Earlier this month, Purdue University and Wichita State released their annual Airline Quality Rating report, and it was a mixed bag. Traveler complaints were up 22% from last year, but metrics like lost baggage rates and on-time percentage both moved in the direction travelers want them to: lost baggage was down and on-time percentages up. Nice. Meanwhile, Virgin America, JetBlue, Air Tran, Delta and Hawaiian Airlines rounded out the top 5 best airlines while United Airlines, not surprisingly, came in dead last. The 14 airlines included in the report were ranked on a variety of criteria that, in addition to the above, included overall customer service and airline friendliness. Oh United, when will you learn?
In a recent FOX Business article, Roger Black, leader of the Travel Leaders Franchise Group, attributes the uptick in complaints to increased air traffic. Busier skies means longer queues at airports, higher stress levels and a greater chance for travel snags. And fuller planes make for crowded and sometimes unpleasant flying – especially when the middle seat is in use. But according to reporter Kate Rogers, who paraphrased a portion of Black’s words, improved on-time percentages and reduced lost baggage suggest “the fundamentals of good service have gotten better.”
I should react positively to this but anytime I hear variations of the phrase “fundamentals of such and such are sound,” I get nervous. Even if people using it aren’t aware, it’s a sentence structure borrowed from President Herbert Hoover when he infamously declared four days before the start of the Great Depression and the 1929 stock market crash: “the fundamental business of the country, that is the production and distribution of commodities, is on a sound and prosperous basis.”
Look how that turned out for us.
Despite Hoover’s rosy assessment, economists today agree fundamental flaws were already well-entrenched in the US economy and were being wildly overlooked. Failure to believe in economic health was tantamount to rejecting its reality. Call it “faith-based” capitalism.
Likewise, the 2013 Airline Quality Rating report suggests that the fundamentals of the airline industry aren’t as sound as we would like them to be. Yes, the on-time percentages and lost/mishandled baggage statistics are encouraging news and shouldn’t be dismissed. But a 22% uptick in complaints isn’t trivial either. And if passenger complaints are indeed ingrained to what Black claims – increased air traffic and packed cabins – a severe flier backlash could only be miles – or months – down range.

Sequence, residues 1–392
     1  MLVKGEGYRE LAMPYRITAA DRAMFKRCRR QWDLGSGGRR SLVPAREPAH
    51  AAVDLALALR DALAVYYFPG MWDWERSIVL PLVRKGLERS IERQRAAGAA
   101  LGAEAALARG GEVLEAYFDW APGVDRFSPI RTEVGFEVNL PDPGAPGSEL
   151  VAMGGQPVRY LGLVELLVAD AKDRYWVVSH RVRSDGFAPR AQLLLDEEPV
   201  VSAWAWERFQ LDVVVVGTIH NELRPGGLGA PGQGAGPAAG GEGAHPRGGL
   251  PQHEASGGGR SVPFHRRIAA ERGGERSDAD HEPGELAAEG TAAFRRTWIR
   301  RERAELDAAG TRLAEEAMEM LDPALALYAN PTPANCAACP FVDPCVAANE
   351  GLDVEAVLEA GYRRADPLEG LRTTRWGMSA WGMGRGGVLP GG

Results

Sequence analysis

Neither of these two trends is likely to reverse course. In fact, according to the Wall Street Journal and the UK’s Daily Mail, Delta will be among the first airlines to reduce the size of their toilets, saving room for as many as four more cramped seats. While Delta claims the toilets’ shrinkage will be unnoticeable as the improvements are more about “space efficiency versus a smaller potty,” the public’s negative perception might need a courtesy, ahem, flush.
As for air traffic, the birds may have to make way for the Boeings – and all the other aircraft crowding our skies. In February the International Air Transport Association (IATA) reported that global passenger demand rose nearly 4% from February 2012. And since October 2012, passenger demand has been growing at an annualized 9% rate – that is a staggering pace. Add to that the Federal Aviation Administration’s prediction that US air traffic will nearly double to 1.2 billion passengers by 2032 and you begin to appreciate the full implications of the Airline Quality Rating report. Even if airlines keep pace, rolling out new aircraft to meet demand, travelers will still be left with ever more crowded skies, clogged terminals and sardine can-like security checkpoints and cabins.
Ancillary Ingenuity an Airline Must
Of course, airlines must continue finding new ways to maximize revenue. Relying solely on ticket prices to make up budgetary shortfalls is a little like flying with half-full fuel tanks – less, in fact, when you really crunch the numbers. But airlines must carefully weigh the impact of ancillary creativity wisdom like monetized in-flight entertainment and Wi-Fi with passenger-hated baggage fees and the impending itty-bitty bathrooms. As if the current johns were so spacious.
Resolving this looming public relations crisis is crucial if we are to really declare the fundamentals of the airline industry sound. I remain skeptical.
What do Loadfactor readers and frequent fliers think of all this? Are the fundamentals of airlines sound? With IATA reporting that 2012 had the lowest incident rate on record (the global rate is one crash for every 470,000 flights) a good counter-argument can be made. Ultimately, for most travelers, planes that land safely are good flights.
But if that’s all passengers are considering, I think something is fundamentally flawed.